Tuesday, October 5, 2010

The Secret Society of Autism Parents

Joseph isn't the only one who has trouble developing age appropriate relationships with his peers. I've always been socially awkward. I've always felt that I'm different from everybody else, that I've got very little in common with other people. This makes it difficult for me to relate to others when it comes to social niceties. My topics of conversation tend to be a little more obscure and esoteric, or non-existent since the scope of my life is rather limited these days. Let's just say, I don't chat about the weather, and you can forget about sports. :)

Parenting a child who is autistic has become my primary activity, as I think it is for many others. The downside to this is that I generally have little energy left for anything else. But the upside is that I have an instant connection with other autism parents, and I think we're all happy to talk and listen about each other's kids and the challenges that come with being in the unique situation in which we find ourselves.

I think that I'm not alone in finding immense comfort in talking to other autism parents. Isolation is a serious problem for us, for many reasons. It's imposed on us, because people who aren't in our situation can't truly understand what we're dealing with, and self-imposed because we are hesitant to do the things that typical parents do with typical kids like going to the movies, eating at restaurants (even if we could afford it), going to the library, because we never know when the next meltdown is going to come. As for having people over, our house is always such a mess we don't want to expose anyone to it.

Kristy and I stopped going to Mass because we couldn't keep Joseph under control there either and it made us self-conscious. Don't get me wrong, this was our hang-up, it's not because anyone was rude to us at church. We started going every week again after we went to a different church and found ourselves sitting next to a single mom with two kids, one of whom is a seven year old boy with autism. After Mass, we told her that Joseph is autistic, she said she recognized the signs and asked if we were going to be going to that Mass regularly because it was nice to be there with other people who "get it."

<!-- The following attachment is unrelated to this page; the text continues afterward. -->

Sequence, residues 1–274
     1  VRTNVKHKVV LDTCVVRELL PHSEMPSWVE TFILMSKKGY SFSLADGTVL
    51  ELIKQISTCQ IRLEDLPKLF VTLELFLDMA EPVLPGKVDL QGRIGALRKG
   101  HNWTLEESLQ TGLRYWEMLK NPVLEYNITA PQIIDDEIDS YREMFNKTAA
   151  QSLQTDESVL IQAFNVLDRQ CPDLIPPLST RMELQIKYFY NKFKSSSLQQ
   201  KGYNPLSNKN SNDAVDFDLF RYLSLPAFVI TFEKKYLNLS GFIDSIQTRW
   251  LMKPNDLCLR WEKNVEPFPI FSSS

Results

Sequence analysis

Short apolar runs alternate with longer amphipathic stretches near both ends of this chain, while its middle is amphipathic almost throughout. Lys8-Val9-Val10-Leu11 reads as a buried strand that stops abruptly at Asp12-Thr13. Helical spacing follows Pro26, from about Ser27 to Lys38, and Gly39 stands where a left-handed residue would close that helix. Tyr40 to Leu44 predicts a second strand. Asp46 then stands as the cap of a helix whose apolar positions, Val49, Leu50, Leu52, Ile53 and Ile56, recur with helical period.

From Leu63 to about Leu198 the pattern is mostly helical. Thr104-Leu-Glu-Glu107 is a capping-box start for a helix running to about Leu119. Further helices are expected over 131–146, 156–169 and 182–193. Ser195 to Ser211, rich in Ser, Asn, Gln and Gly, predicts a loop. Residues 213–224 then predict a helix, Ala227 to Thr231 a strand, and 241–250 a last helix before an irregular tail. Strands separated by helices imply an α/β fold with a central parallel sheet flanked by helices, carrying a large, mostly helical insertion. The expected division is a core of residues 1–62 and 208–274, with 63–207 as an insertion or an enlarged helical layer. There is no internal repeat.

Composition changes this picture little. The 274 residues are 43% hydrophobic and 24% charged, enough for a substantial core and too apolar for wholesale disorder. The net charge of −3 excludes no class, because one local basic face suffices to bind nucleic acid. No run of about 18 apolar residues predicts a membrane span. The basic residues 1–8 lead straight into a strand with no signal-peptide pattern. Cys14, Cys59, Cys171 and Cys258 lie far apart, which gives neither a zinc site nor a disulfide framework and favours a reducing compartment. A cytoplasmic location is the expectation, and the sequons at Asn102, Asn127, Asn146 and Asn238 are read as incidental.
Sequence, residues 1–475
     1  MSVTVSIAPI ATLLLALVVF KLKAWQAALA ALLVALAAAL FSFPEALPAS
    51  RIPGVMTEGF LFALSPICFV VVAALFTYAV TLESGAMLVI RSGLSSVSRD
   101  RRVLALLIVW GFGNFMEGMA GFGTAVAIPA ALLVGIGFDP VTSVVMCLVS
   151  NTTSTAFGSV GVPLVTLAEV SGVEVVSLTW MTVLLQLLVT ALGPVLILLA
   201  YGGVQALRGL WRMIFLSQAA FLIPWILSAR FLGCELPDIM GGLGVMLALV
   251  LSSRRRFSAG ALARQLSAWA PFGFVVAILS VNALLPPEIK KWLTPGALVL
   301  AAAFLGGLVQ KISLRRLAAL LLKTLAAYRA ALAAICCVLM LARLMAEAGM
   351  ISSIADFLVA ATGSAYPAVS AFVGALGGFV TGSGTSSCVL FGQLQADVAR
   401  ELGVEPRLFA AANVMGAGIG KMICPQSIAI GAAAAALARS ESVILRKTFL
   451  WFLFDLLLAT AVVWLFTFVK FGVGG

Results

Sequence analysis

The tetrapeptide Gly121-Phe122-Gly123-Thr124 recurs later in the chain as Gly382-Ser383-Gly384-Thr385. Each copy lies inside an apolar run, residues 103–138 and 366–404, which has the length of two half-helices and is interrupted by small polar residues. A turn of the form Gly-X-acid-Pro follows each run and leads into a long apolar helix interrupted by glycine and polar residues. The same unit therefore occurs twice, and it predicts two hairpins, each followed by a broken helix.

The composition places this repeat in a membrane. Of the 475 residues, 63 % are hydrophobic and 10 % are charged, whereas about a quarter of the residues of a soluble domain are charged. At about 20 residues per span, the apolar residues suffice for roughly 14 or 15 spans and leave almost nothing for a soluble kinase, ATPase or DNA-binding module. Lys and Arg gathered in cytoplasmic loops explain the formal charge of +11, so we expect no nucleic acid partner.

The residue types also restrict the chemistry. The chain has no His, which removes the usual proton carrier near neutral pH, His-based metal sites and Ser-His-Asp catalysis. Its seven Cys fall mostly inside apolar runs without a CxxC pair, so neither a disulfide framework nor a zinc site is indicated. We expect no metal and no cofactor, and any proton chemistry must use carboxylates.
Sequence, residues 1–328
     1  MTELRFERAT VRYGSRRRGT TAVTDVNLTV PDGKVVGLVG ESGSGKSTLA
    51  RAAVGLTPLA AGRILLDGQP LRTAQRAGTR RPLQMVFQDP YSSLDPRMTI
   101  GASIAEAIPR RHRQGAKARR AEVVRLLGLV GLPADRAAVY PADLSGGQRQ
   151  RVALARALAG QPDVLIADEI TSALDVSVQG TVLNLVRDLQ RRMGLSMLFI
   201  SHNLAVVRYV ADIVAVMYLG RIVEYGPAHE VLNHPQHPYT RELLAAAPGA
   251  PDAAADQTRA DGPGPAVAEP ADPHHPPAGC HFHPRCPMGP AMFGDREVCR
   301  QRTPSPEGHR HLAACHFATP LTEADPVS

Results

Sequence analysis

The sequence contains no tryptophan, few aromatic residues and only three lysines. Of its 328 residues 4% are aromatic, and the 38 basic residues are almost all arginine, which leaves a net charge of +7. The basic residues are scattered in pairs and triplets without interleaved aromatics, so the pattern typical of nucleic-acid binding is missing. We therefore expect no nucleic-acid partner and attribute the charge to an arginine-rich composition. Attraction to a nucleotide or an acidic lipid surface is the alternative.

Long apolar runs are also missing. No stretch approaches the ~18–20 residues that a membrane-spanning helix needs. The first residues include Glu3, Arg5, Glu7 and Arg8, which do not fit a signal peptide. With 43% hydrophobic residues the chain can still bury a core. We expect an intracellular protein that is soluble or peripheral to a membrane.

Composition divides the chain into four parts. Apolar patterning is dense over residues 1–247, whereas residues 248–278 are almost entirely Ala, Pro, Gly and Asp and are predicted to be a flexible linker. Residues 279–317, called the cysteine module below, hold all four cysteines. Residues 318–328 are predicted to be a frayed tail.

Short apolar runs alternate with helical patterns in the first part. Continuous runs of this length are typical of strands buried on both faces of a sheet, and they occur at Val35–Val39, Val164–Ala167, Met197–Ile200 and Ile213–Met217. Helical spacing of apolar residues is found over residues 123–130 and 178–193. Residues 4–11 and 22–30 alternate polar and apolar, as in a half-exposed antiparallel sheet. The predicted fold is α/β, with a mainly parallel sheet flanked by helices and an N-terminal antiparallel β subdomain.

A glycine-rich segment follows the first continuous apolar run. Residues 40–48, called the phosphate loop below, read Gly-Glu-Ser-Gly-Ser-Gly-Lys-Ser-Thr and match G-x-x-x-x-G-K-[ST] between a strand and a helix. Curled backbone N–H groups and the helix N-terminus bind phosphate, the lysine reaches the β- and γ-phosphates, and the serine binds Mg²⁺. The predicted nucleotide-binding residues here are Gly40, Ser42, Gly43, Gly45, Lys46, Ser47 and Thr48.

The isolation started long before the diagnosis, or even suspicion that Joseph was autistic. Putting a label on it finally told us that we're not alone, helped us to recognize the isolation and to start doing something about it. I feel like being the parent of a child with autism is like being a member of an ever-growing fraternity, like Skull and Bones or the Freemasons. I feel like we should have our own secret handshake.

If you're the parent of a child with autism in the Central Ohio area, or you find yourself in the area, let me know. Maybe we can hang out at the McDonald's Playplace and chat or something. :) We need to stick together. Also, I want to tell you that I appreciate the friendship and support of all our family and friends, new and old, parents of autistic kids or not. We've drifted away from many of you and see you less often. All I can say is, I hope that we will learn to handle things better and our exile from having social lives will be a temporary situation.

Oh, and in other news, Joseph is talking a lot more and we're going to be resuming speech therapy on the 20th with a different therapist. Fingers crossed!

1 comment:

  1. Lovely post, you have described my own life perfectly. My son is now 3 and was diagnosed just before his second birthday. I find my friendships are changing and I feel far more comfortable with parents of other children with autism. They just 'get it', no raised eyebrows or pursed lips etc.

    One big, and good, change I have noticed in myself is that I am far more open and tolerant now than I used to be. Mind you, I thought I was before, but I see a whole new world now:)